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The case of the incredible shrinking airline seat’ now a safety concern

According to some airlines, the distance between rows and the width of your seat is a matter of comfort, not safety. These US federal judges disagree.

Flying today can be enough to give even the skinniest amongst us a butt complex and if you've got long legs, prepare to study your knees UP CLOSE for the duration of the journey. But is the seemingly never ending quest to squeeze more seats in a plane costing more than our comfort?



A US appeals court panel is calling for the country’s Federal Aviation Administration (FAA) to consider the safety ramifications of shrinking seats and narrowing pitch, The Guardian reported.


"This is the case of the incredible shrinking airline seat," Judge Patricia Millett wrote in her ruling last week.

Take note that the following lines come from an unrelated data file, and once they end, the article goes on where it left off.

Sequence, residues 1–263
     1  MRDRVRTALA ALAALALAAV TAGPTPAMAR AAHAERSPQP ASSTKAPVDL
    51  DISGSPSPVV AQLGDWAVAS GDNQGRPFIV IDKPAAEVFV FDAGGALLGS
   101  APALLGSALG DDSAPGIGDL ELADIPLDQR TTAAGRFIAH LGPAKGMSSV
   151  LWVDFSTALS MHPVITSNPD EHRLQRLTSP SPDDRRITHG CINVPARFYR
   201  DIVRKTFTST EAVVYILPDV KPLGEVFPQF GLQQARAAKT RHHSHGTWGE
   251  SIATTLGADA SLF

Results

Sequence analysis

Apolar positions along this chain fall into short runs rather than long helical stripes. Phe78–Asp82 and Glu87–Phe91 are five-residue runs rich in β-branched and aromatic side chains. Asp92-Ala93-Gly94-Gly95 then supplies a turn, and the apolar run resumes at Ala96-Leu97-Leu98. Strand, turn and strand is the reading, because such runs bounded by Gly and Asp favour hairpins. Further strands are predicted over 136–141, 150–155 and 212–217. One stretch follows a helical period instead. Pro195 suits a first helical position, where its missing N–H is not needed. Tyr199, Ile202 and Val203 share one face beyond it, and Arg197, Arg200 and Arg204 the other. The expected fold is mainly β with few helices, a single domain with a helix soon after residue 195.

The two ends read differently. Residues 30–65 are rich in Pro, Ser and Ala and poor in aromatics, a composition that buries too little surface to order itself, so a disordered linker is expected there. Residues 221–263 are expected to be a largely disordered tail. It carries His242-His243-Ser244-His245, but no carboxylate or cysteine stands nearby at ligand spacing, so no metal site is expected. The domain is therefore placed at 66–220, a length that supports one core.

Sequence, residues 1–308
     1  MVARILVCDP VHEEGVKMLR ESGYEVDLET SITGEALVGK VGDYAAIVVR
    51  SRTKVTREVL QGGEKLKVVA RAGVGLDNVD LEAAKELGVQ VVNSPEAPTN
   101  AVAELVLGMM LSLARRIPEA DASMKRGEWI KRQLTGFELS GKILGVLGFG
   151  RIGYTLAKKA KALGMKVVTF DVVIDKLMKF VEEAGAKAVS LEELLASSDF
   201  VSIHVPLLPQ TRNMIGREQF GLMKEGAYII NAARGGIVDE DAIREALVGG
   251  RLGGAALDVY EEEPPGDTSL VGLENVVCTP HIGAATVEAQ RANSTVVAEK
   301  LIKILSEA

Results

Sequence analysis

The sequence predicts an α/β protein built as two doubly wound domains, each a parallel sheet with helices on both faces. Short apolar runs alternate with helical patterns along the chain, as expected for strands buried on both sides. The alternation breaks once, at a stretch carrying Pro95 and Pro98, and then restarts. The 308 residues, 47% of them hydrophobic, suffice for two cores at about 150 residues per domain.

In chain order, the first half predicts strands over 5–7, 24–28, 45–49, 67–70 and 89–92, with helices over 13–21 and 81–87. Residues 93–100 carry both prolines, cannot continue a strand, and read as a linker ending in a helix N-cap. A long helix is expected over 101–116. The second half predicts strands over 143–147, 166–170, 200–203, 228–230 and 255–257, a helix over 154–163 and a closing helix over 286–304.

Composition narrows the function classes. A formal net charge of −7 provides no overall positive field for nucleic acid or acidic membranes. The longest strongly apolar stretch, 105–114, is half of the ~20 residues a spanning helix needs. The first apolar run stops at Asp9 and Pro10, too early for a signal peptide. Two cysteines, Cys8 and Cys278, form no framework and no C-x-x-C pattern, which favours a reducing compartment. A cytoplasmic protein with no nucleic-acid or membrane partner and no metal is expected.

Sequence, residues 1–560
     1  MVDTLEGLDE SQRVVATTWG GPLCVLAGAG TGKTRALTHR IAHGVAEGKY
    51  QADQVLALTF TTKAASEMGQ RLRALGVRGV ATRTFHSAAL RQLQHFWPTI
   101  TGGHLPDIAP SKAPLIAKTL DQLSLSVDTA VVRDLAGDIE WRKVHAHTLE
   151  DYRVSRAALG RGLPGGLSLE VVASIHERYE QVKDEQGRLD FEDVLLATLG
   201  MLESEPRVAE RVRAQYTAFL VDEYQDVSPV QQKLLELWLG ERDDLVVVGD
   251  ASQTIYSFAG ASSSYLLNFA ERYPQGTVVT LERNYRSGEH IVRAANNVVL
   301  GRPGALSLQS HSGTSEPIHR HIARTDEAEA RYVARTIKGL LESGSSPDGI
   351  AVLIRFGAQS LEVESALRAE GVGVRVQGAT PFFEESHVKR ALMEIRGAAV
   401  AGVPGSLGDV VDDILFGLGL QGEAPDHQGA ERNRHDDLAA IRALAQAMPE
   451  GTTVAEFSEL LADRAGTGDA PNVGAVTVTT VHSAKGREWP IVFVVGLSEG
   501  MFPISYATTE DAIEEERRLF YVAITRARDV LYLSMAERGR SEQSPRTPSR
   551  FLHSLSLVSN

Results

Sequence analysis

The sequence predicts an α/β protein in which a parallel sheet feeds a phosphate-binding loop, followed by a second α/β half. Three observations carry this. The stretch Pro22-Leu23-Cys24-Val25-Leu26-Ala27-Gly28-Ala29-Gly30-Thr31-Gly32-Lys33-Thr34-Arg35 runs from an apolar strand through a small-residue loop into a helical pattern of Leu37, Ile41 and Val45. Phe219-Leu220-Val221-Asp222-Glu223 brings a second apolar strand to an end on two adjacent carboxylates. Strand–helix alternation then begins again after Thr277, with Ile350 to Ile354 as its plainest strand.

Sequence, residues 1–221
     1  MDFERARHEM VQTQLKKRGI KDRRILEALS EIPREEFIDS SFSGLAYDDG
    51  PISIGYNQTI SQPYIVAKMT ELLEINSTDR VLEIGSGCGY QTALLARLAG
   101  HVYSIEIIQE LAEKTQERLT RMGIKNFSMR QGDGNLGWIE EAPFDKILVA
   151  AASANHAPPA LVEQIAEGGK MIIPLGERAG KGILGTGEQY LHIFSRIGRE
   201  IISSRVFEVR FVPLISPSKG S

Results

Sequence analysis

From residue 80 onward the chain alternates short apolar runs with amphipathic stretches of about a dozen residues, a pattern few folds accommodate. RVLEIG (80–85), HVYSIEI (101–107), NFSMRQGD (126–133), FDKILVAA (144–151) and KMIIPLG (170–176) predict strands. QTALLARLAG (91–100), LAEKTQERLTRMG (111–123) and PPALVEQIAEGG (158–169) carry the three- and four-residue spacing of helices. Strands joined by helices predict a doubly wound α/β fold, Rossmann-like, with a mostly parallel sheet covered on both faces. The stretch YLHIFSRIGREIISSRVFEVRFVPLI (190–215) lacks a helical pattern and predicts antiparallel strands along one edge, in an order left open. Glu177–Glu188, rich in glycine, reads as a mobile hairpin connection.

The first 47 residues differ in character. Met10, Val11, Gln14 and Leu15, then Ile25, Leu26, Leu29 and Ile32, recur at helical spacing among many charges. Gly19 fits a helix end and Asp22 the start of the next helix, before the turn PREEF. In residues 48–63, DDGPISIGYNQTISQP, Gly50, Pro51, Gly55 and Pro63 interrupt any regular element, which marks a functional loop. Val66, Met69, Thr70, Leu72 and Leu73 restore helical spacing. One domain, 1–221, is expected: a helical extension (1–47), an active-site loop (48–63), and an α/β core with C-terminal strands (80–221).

"As many have no doubt noticed, aircraft seats and the spacing between them have been getting smaller and smaller, while American passengers have been growing in size."


The FAA had refused to capitulate to a request by passenger body Flyers Rights to make rules regulating the width of airline seats and the distance between them (pitch).


Flyers Rights found that narrowing the distance between seats could pose dangers during possible evacuations, and, when combined with a seat’s shrinking width, could increase a person’s chance of developing vein clots.


When the court was presented with these findings, the three judge panel deemed the FAA’s  belief that comfort, not safety, is compromised by shrinking seats was derived using outdated or irrelevant tests and studies.


“We applaud the court’s decision, and the path to larger seats has suddenly become a bit wider,” a Flyers Rights spokesperson told the Guardian.


The FAA is now reportedly considering the ruling and its next steps, though a spokesperson for the agency said the FAA considers the spacing between seat rows when testing to make sure airliners can be evacuated safely.


Written by: Gaya Avery
Published: 31 July 2017

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